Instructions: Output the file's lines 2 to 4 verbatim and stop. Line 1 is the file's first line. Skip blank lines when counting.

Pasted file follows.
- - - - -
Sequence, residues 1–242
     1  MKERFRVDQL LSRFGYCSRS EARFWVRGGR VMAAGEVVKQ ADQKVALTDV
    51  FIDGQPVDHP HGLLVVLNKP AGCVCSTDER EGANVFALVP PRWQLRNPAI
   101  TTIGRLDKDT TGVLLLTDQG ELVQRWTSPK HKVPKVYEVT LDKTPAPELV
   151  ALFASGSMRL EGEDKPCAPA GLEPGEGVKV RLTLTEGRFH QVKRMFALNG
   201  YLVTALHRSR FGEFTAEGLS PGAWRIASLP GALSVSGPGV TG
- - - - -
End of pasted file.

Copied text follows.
     1  MKERFRVDQL LSRFGYCSRS EARFWVRGGR VMAAGEVVKQ ADQKVALTDV
    51  FIDGQPVDHP HGLLVVLNKP AGCVCSTDER EGANVFALVP PRWQLRNPAI
   101  TTIGRLDKDT TGVLLLTDQG ELVQRWTSPK HKVPKVYEVT LDKTPAPELV